Madrid Polytechnic University researchers have identified the changes that are expected to occur in maximum precipitations in the Iberian Peninsula and Balearics due to climate change. A statistical analysis of simulations of a possible future climate has resulted in a database that quantifies the expected percentage changes in the maximum precipitations in the future according to diverse emissions scenarios.
These results have been applied to the review of the Preliminary Flood Risk Assessment carried out by the Ministry for the Ecological Transition to adapt it to the Flood Directive of the European Union.
According to Carlos Garijo, a researcher involved in this study: “flood risks are expected to increase in the future as a consequence of climate change. Thus, the update of the Preliminary Flood Risk Assessment aims to identify at a national level the areas which are expected to have increased risk of floods due to climate change and to take measures to minimize the adverse consequences in these areas.”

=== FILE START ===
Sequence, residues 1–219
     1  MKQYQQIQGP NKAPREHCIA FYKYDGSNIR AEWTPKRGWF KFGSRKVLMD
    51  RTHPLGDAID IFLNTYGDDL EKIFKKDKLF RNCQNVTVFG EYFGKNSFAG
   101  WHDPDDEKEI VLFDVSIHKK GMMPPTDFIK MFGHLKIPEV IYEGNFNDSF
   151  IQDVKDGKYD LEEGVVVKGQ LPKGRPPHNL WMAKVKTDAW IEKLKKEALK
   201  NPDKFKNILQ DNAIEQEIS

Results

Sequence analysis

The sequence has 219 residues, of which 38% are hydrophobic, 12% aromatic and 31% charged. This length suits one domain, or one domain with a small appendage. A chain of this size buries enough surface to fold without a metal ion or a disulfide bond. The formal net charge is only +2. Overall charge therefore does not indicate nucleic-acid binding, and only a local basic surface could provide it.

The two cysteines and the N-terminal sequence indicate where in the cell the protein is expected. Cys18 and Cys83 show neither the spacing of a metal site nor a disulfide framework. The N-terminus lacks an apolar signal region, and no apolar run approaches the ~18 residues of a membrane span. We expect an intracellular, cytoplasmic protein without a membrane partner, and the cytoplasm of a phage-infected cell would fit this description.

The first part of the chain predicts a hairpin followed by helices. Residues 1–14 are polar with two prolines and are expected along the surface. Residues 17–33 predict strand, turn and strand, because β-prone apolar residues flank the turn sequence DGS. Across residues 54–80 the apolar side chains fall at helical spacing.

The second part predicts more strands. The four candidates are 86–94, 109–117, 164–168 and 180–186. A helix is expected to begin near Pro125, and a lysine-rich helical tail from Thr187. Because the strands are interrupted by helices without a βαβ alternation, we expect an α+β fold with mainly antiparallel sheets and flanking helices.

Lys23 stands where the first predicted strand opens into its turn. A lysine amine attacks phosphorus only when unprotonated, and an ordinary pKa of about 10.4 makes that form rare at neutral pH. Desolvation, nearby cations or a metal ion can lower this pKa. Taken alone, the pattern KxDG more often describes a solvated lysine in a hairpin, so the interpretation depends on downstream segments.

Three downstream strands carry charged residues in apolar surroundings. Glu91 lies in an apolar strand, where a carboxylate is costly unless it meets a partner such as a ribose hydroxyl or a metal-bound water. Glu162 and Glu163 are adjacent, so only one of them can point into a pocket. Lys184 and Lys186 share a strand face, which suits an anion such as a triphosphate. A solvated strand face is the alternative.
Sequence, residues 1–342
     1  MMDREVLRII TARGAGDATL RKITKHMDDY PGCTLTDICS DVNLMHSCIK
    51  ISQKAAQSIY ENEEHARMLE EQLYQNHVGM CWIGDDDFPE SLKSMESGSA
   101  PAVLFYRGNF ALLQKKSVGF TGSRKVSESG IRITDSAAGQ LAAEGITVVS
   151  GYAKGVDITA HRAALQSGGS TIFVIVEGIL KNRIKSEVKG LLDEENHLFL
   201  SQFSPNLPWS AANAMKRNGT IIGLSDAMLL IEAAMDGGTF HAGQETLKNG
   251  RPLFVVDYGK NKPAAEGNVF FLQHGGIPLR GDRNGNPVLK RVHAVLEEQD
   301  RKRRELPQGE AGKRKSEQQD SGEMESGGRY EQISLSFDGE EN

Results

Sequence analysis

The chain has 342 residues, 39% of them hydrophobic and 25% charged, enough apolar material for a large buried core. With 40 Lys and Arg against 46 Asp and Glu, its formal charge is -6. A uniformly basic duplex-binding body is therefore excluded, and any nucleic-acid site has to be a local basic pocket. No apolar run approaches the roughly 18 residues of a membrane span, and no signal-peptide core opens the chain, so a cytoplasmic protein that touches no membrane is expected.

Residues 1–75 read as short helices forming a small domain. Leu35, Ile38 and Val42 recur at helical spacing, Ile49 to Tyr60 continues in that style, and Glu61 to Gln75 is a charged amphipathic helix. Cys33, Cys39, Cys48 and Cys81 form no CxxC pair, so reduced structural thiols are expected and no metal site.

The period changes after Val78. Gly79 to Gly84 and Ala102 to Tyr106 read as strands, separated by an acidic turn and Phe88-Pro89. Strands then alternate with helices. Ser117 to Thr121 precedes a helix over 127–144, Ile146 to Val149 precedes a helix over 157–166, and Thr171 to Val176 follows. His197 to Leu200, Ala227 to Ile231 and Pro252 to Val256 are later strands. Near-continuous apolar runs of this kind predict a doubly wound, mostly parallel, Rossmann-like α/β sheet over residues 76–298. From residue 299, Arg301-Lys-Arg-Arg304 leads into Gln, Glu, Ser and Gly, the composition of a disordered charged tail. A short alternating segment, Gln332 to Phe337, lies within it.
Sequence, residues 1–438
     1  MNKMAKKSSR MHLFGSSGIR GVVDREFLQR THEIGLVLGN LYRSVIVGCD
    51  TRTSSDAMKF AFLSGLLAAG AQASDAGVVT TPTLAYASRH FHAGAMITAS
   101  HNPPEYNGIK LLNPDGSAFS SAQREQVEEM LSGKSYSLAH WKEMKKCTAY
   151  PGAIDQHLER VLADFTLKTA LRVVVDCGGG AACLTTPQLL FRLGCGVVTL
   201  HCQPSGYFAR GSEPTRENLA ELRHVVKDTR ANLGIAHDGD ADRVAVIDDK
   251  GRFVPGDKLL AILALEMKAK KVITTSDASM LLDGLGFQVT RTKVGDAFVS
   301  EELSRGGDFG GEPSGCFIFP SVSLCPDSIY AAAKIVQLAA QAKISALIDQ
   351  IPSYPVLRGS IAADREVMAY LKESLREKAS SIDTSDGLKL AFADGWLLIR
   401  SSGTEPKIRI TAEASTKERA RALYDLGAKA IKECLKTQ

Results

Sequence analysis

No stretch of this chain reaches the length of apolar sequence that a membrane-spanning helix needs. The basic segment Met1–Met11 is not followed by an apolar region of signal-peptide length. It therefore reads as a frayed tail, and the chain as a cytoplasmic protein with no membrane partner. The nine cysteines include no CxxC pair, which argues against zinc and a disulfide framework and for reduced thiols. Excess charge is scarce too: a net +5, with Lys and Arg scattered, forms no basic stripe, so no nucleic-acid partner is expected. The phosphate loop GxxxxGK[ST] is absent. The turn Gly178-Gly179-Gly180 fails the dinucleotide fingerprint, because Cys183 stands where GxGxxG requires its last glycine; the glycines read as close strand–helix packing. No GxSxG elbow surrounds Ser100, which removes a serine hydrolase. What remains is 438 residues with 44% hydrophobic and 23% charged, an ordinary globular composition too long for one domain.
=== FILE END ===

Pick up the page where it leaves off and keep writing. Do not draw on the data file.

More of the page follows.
Changes in flood patterns can occur as a consequence of natural changes in climate, for instance, variations in precipitation regimes and temperature, also as a consequence of human activities such as the variation of land use or the construction of hydropower infrastructures. In order to learn how the influence of climate change will affect floods in the future, the first step is to study how extreme precipitation will change since they are usually responsible for these floods.
In this context, researchers from the group of Hydroinformatics and Water Management Group at Universidad Politécnica de Madrid have studied the effect of climate change on maximum precipitations. To assess the future behavior of climate, researchers used the results of twelve climate models and identified the expected changes in daily maximum precipitation in the Iberian Peninsula and Balearics.